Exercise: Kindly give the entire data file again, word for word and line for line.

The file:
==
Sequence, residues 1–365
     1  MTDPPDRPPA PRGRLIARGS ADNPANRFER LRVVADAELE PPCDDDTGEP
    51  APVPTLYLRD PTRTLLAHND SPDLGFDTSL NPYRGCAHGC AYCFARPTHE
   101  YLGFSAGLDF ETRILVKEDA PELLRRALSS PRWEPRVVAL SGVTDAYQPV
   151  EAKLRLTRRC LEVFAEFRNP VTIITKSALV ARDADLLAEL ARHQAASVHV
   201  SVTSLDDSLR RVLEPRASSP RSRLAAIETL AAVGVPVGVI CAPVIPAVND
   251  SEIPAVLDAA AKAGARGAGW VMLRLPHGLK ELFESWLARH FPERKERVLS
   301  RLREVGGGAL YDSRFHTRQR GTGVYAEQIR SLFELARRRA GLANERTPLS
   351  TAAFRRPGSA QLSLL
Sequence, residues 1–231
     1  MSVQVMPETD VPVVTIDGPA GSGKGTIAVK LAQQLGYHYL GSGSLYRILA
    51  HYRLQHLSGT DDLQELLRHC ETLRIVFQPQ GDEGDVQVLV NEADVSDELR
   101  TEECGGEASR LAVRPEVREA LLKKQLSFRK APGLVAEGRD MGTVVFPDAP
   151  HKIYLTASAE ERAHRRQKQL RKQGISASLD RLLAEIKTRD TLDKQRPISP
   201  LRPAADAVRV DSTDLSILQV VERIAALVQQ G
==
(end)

Sequence, residues 1–365
     1  MTDPPDRPPA PRGRLIARGS ADNPANRFER LRVVADAELE PPCDDDTGEP
    51  APVPTLYLRD PTRTLLAHND SPDLGFDTSL NPYRGCAHGC AYCFARPTHE
   101  YLGFSAGLDF ETRILVKEDA PELLRRALSS PRWEPRVVAL SGVTDAYQPV
   151  EAKLRLTRRC LEVFAEFRNP VTIITKSALV ARDADLLAEL ARHQAASVHV
   201  SVTSLDDSLR RVLEPRASSP RSRLAAIETL AAVGVPVGVI CAPVIPAVND
   251  SEIPAVLDAA AKAGARGAGW VMLRLPHGLK ELFESWLARH FPERKERVLS
   301  RLREVGGGAL YDSRFHTRQR GTGVYAEQIR SLFELARRRA GLANERTPLS
   351  TAAFRRPGSA QLSLL
Sequence, residues 1–231
     1  MSVQVMPETD VPVVTIDGPA GSGKGTIAVK LAQQLGYHYL GSGSLYRILA
    51  HYRLQHLSGT DDLQELLRHC ETLRIVFQPQ GDEGDVQVLV NEADVSDELR
   101  TEECGGEASR LAVRPEVREA LLKKQLSFRK APGLVAEGRD MGTVVFPDAP
   151  HKIYLTASAE ERAHRRQKQL RKQGISASLD RLLAEIKTRD TLDKQRPISP
   201  LRPAADAVRV DSTDLSILQV VERIAALVQQ G